Journey Into The World Of Fly – Getting Ready
Setting Up For The Cast
In the previous issue we talked about some of the tackle that will make learning to fly fish; especially fly casting, easier. Now we will go into setting up your tackle for the cast. Let’s assume that you have setup your rod and have placed your fly reel in place. Sitting in front of you are fly lines waiting to be spooled into the reel. There should be four types of lines. They are the backing line, fly line, a leader, and a tippet. See part 1 for basic information on these lines.
Recommended Line Poundage To Learn With:-
Backing line (Dacron or Gel Spun backing lines) – 10lb to 15lb
Fly line: Weight 6 Brightly coloured Weight Forward Floating Line
Leader (monofilament): Tapered leader starting from 20 – 15 – 10lb
* Line poundage depends on the fishing you intend to do once you are ready. This is just for learning purpose.
An empty fly fishing reel ready to be fed with lines.
The first line to spool into your reel is the backing line. If you’ve been fishing with braided lines before the days of the “braided line ready” spools; you would probably know how to install the backing line. For those who do not, it is quite simple. First, make two loops around the spool of your reel twice. Then use an arbour knot or any knot that allows you to slide the knot to tighten the line to the spool. A knot that you usually use to secure your fishing lines to your spool will suffice. The important thing is that the line grips the spool tight enough not to slip.
The next thing is to figure out is how much line to spool since there are in total 4 lines to spool. This here is the tricky bit as it will depend on the size of your spool. Anyway, about a 100 meters or so of 15lb backing line should suffice. Perhaps as a guide, the backing line should take up about 10% – 15% of your spool.
A fly reel with lines spooled in. Notice the different section of lines.
The next line is the fly line. Connect the fly line to the backing line. As most flylines today come with welded loops, a double surgeon knot is needed to connect these ‘Loop over Loop’. For lines without welded loops, the recommended knot is the Albright knot but you can use any knot that you prefer as long as it gets the job done. The fly line is very important. It is the weight of the fly line that carries the fly to the angler’s intended fishing zone. The fly line is also the thickest line inside a fly reel. The fly line should take up to about 80% of your spool.
After spooling up on fly line, the next line to add is the leader line. There are leader lines in the market that actually taper down to a thinner end. For learning purposes my recommendation to you will be to not use a leader of such (I will explain why later). Just use a normal monofilament fishing line for the leader.
Note that some fly lines in the market comes with a built in loop. If you happen to be using one of these lines then all you need to do now is to secure your leader line to the fly line by tying a loop to loop knot, If your fly line does not come with a loop, then just use the usual knot that you use to connect your lines. The amount of leader lines to use should be about 7 feet.
To Tippet Or Not To Tippet?
The next line to add is your tippet line. Should you or should you not add on a tippet? There is something you need to know about tippets and when to use them. This here is also why if you have purchased a leader that tapers down to a thinner end, you should not use it when learning to cast.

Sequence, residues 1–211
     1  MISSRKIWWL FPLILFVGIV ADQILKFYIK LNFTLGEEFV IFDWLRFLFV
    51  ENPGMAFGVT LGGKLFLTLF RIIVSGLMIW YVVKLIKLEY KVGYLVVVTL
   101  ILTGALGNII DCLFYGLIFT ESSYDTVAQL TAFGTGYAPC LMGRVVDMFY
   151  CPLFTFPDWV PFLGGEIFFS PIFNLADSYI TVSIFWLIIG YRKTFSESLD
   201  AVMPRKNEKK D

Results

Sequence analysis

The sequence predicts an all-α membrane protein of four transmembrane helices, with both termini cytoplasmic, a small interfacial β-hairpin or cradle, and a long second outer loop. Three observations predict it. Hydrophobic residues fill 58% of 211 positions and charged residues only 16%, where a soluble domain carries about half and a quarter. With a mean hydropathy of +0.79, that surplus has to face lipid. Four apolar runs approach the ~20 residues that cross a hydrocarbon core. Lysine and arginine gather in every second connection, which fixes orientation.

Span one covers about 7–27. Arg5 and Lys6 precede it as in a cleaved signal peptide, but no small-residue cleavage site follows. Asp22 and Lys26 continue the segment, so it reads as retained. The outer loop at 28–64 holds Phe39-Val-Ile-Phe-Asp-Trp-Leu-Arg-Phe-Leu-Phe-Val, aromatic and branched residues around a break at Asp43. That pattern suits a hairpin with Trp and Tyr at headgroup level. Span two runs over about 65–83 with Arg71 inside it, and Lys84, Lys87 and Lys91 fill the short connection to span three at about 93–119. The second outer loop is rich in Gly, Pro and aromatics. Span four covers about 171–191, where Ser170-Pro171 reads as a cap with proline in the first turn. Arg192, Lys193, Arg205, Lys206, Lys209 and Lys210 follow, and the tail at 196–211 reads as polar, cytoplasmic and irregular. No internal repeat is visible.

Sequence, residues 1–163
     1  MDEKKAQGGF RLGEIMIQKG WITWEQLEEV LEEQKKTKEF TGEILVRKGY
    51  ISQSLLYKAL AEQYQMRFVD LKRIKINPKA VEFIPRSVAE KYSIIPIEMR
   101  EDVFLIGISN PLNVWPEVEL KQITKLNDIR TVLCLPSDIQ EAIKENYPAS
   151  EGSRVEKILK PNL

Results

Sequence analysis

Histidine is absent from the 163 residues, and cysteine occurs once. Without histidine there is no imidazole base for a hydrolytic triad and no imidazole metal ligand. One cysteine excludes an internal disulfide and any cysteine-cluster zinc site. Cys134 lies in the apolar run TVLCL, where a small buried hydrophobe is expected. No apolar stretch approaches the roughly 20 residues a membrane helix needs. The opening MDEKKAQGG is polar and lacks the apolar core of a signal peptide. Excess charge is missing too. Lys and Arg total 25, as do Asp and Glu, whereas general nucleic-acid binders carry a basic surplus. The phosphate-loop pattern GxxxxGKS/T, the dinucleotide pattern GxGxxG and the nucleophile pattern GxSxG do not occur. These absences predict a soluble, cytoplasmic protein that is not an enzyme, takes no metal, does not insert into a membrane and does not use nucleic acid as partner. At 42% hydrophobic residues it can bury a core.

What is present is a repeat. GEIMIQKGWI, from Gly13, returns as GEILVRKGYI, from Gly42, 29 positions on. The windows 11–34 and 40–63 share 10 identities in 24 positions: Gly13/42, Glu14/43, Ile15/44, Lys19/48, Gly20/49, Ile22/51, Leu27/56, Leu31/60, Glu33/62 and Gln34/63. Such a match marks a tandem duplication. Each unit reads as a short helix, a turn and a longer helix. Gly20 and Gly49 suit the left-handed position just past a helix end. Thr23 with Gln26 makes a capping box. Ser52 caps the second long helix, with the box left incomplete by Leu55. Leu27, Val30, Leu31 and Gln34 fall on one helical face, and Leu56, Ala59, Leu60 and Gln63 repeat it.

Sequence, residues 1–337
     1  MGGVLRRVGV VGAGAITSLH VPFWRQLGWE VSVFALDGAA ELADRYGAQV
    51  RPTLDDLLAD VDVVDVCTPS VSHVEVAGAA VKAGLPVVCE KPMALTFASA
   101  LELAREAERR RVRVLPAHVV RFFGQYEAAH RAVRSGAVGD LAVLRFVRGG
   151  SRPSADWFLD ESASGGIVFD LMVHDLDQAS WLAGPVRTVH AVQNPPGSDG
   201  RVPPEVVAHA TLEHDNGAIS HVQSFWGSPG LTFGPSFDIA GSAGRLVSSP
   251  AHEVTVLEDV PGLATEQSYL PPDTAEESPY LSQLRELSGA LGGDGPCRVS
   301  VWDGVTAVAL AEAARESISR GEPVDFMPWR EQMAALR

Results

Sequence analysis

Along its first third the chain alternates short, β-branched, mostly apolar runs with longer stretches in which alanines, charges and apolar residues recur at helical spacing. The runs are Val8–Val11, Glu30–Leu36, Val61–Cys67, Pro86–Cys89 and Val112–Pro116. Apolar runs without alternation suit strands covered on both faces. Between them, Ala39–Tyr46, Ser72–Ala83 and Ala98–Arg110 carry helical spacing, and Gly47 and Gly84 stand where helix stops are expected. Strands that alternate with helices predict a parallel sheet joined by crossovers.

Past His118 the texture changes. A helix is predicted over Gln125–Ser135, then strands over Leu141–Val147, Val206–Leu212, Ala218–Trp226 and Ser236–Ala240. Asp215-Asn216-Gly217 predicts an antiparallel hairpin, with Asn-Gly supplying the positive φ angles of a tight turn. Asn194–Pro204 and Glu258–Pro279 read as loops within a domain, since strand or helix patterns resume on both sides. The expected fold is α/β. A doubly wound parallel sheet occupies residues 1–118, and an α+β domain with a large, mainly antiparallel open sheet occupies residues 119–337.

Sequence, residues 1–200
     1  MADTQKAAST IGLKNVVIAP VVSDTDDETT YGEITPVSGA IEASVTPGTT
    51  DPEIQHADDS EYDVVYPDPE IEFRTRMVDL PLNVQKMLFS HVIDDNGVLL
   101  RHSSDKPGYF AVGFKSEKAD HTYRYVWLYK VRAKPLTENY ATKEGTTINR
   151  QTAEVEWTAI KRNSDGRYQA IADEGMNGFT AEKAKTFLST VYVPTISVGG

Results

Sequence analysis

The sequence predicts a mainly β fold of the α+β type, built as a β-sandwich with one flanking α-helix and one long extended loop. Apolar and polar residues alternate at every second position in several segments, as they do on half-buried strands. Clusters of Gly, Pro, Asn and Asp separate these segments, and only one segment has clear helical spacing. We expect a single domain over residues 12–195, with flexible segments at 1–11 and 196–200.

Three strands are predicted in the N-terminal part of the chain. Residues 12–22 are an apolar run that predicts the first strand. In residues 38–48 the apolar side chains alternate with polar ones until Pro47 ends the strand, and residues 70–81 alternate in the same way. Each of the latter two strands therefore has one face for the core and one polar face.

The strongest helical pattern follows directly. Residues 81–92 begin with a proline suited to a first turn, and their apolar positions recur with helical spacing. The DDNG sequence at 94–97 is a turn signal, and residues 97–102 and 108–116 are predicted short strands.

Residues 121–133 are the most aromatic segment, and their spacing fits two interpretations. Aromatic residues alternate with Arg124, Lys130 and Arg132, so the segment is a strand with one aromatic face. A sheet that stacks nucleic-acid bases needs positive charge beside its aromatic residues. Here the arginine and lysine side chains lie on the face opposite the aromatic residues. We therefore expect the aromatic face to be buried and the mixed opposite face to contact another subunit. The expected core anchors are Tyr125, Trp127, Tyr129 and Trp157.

What you need to understand is that when fly fishing, what you want to do is to present your fly to the fish in as natural a form as possible. A leader that tapers down to a thin section helps hide the leader so that the fish only sees the fly and not the leader. But as you fish, you will be cutting off parts of the thinner section of the leader (due to line damage) and you will inevitably reach the section of the leader that is thick.
This is where the tippet line comes in. A tippet line is a thinner line that you attach to your leader line with the objective of diong what the tapered down, thinner section of your leader line before it got trimmed away is to do. So, this is the reason why I recommended you not to use a leader that tapers down when learning to cast flies and this will save you some money. Also using a tippet is not necessary at this point in time.
But then again I know that some of you may be purist and will want to do everything according to form. So, this here is really up to you as you are basically learning to cast a fly and not really out trying to catch a fish on fly. Again, personally I feel that you do not need to add on a tippet but if you want to, go ahead and do so. About a foot or two will do.
Learning to cast with this bunch of yarn is safe and it can be seen when in the air.
The Casting Object
Now you will want to tie a fly to the end of your line. Since you are learning to cast, I seriously recommend you to not use anything with a hook in it; so no flies. Of course you can use a fly but just cut away the hook point. Other things that you can use to learn fly casting with are cotton, small piece of yarn, etc. Whatever you choose to use, make sure that it can be seen in the air. You will want to be able to know where it is during the cast.
Learning to cast a fly will require a place that is wide enough.
With all these in place you are now ready to learn how to cast a fly. We will go into that in the next issue. Before you learn to cast, you will need to find a location that is safe for you to learn to cast a fly. Ideally there should not be many people walking about. The best place will be in a field without trees and people. Do note that you will need some space or clearance maybe some 50 to 60 feet behind you and even more in front of you. So, go find yourself a place to cast and stay tuned for part 4 in the next issue.